of or like an abyss; immeasurably deep or great.
extremely or hopelessly bad or severe: abysmal ignorance; abysmal poverty.

1650–60; abysm + -al1

abysmally, adverb
ultra-abysmal, adjective
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Based on the Random House Dictionary, © Random House, Inc. 2014.
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World English Dictionary
abysmal (əˈbɪzməl)
1.  immeasurable; very great: abysmal stupidity
2.  informal extremely bad: an abysmal film

Collins English Dictionary - Complete & Unabridged 10th Edition
2009 © William Collins Sons & Co. Ltd. 1979, 1986 © HarperCollins
Publishers 1998, 2000, 2003, 2005, 2006, 2007, 2009
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Word Origin & History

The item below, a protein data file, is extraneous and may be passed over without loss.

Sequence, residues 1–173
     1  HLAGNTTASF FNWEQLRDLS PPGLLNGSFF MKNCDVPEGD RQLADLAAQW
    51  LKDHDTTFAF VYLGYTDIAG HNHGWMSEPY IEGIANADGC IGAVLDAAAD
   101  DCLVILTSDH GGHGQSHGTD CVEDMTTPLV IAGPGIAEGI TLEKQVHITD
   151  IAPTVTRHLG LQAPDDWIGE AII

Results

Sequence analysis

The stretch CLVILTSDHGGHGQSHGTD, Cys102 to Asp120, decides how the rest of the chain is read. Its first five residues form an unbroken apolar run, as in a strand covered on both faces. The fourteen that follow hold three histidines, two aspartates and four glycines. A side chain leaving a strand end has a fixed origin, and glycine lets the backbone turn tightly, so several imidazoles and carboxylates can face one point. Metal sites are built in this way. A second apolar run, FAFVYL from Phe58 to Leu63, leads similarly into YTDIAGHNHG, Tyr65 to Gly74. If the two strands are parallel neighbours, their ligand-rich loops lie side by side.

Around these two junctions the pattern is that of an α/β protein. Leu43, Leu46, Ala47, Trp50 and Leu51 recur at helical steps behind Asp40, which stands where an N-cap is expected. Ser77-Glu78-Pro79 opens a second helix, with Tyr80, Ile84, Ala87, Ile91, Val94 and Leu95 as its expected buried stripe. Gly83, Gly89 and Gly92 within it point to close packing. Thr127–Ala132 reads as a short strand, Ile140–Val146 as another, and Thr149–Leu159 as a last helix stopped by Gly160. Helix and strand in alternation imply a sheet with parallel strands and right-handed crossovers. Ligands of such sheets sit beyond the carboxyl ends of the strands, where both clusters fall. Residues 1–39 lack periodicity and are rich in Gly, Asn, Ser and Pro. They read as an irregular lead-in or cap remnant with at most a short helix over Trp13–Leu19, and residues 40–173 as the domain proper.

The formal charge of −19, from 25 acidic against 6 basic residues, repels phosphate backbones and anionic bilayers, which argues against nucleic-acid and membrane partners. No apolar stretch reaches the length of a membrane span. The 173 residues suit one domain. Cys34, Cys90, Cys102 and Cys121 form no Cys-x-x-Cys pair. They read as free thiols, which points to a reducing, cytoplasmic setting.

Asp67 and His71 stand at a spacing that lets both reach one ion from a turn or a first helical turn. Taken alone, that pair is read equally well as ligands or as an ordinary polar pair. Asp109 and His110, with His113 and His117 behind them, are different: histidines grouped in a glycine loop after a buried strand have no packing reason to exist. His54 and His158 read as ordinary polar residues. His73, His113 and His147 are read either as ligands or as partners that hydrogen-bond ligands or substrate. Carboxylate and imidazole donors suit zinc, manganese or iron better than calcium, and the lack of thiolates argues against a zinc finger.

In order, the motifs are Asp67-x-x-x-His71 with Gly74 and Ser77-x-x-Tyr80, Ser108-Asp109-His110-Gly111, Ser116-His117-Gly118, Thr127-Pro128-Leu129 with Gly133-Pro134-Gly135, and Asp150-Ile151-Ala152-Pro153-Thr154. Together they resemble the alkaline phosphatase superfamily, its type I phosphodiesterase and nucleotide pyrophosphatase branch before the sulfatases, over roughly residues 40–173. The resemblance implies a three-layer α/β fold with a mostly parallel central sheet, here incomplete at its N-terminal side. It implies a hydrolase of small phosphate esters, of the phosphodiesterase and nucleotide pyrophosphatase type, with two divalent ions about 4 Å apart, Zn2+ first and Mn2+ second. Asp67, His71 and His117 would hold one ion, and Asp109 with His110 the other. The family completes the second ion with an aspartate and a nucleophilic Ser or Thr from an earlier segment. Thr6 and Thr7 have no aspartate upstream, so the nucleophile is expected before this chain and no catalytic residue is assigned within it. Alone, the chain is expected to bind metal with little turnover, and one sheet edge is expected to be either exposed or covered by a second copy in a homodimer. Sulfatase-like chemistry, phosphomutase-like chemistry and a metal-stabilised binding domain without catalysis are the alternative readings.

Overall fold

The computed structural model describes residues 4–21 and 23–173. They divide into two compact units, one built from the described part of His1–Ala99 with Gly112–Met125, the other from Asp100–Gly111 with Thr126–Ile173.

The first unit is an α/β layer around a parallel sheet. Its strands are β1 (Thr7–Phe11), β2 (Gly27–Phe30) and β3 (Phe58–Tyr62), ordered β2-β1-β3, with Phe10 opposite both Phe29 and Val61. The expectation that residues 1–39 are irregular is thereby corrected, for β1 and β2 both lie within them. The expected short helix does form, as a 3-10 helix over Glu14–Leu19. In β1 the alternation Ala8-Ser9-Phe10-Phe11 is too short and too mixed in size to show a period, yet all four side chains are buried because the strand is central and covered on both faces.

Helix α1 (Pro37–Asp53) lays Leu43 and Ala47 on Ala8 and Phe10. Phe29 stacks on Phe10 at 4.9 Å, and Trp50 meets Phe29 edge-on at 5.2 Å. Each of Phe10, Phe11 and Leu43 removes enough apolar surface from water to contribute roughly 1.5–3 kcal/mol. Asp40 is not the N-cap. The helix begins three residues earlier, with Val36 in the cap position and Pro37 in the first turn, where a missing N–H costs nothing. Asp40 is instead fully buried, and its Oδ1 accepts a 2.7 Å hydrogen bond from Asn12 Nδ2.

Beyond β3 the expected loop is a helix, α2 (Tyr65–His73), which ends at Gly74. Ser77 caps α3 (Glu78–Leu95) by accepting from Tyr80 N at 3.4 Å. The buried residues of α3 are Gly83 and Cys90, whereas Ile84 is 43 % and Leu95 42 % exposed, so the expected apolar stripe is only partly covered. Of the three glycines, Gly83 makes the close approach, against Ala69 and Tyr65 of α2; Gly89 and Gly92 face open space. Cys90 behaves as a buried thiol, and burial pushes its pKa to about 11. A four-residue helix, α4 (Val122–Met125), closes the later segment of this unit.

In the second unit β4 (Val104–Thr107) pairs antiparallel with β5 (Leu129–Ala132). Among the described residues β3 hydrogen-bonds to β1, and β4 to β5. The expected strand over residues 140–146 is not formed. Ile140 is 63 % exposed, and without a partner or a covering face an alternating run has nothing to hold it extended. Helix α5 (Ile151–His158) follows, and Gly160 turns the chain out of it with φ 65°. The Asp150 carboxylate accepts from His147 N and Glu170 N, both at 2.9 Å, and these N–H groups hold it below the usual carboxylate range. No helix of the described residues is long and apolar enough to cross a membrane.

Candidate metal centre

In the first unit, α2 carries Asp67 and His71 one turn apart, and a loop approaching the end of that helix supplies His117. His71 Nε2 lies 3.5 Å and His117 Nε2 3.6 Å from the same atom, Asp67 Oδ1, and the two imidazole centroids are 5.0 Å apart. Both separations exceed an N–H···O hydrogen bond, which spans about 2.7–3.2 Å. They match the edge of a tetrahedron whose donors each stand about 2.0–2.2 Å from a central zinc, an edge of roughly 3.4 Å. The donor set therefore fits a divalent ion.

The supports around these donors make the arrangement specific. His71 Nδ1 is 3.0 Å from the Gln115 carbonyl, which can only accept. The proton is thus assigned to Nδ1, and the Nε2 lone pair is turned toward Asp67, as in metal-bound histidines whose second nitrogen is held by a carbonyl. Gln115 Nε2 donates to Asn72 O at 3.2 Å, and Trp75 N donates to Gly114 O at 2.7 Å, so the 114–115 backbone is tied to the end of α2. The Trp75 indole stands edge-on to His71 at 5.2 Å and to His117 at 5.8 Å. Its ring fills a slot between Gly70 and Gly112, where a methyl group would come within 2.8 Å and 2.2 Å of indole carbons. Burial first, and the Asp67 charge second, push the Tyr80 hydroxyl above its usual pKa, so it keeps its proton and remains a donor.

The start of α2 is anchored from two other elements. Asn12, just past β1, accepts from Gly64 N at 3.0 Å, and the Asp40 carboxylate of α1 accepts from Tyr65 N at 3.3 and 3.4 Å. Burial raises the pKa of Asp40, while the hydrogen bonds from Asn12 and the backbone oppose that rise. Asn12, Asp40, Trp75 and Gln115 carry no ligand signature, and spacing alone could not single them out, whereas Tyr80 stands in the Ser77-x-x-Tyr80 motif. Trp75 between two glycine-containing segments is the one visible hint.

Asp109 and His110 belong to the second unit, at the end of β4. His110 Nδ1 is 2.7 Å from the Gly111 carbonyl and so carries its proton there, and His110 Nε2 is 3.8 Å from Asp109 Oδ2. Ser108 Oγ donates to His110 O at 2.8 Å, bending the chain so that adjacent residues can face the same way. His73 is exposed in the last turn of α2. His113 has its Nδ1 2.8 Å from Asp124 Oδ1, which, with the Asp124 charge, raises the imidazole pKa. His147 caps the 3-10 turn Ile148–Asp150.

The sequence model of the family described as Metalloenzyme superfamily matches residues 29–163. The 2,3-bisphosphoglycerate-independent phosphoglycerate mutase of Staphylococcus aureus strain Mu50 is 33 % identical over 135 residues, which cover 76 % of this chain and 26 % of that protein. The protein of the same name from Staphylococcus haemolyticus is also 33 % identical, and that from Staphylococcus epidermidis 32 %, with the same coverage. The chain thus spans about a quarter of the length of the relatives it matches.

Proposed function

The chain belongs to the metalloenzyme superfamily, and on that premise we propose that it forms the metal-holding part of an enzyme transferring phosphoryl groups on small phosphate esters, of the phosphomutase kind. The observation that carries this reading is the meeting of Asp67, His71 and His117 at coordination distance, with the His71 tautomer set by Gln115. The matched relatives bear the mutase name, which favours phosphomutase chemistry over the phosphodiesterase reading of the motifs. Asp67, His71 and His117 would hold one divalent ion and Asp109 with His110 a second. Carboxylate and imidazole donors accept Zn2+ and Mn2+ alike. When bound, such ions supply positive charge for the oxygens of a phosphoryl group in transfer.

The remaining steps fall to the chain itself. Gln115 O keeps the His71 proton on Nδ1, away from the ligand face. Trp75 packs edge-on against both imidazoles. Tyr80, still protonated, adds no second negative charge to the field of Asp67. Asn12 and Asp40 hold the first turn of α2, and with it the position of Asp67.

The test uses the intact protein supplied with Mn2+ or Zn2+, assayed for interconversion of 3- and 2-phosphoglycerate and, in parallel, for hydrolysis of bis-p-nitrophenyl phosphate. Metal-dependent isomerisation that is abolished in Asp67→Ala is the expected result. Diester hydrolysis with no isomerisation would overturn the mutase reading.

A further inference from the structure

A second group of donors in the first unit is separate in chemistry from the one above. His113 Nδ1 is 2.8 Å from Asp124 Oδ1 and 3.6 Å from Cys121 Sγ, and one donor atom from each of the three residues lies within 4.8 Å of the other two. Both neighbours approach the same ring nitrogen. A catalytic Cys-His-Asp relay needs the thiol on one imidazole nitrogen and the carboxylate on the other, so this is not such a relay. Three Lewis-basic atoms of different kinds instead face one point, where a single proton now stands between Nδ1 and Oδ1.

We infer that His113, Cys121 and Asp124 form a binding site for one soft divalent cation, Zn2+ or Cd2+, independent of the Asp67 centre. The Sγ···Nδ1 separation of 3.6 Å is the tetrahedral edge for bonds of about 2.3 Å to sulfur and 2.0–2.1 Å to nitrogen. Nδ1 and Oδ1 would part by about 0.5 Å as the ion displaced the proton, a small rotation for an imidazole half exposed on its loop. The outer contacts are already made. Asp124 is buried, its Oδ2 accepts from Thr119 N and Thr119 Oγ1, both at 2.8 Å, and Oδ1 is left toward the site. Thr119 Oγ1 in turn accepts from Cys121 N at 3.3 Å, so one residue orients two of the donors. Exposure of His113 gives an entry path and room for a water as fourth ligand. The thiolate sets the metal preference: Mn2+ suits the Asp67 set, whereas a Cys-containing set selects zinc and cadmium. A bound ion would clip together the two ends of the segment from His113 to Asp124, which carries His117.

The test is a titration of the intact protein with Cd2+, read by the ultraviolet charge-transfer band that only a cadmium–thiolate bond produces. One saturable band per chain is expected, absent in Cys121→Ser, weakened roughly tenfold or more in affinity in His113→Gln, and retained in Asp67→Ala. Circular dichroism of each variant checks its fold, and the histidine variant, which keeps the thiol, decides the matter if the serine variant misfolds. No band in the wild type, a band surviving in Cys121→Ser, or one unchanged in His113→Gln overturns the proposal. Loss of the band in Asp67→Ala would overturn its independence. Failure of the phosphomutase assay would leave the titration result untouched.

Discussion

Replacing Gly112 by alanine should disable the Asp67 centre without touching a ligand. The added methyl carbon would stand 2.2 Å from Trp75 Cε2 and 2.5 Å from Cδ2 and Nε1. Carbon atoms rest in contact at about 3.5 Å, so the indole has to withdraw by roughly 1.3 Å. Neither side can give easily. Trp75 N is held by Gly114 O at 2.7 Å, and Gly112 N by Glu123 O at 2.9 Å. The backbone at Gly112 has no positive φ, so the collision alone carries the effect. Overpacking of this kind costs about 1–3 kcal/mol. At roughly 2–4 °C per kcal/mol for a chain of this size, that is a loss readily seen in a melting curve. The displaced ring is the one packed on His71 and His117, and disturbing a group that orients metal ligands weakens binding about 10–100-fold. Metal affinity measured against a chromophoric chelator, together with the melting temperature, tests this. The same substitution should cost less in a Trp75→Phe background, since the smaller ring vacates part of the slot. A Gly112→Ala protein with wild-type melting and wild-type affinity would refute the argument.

1650s, formed in Eng. from obsolete abysm "bottomless gulf, greatest depths" (c.1300), from O.Fr. abisme (Mod.Fr. abîme), from V.L. *abyssimus (source of Sp., Port. abismo), superl. of L. abyssus or on analogy of Gk.-derived words in -ismus; see abyss. Weakened sense
of "extremely bad" is first recorded 1904.
Online Etymology Dictionary, © 2010 Douglas Harper
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Example sentences
His public school attendance record was abysmal.
The game also has an abysmal stealth sequence that is about 1 percent fun and
  99 percent aggravation.
Bock says he doesn't expect tsunami films for years, given studios' abysmal
  showing with war-themed movies.
The job market for the past 2 years has been abysmal, difficult and limited,
  and next year might be the same.
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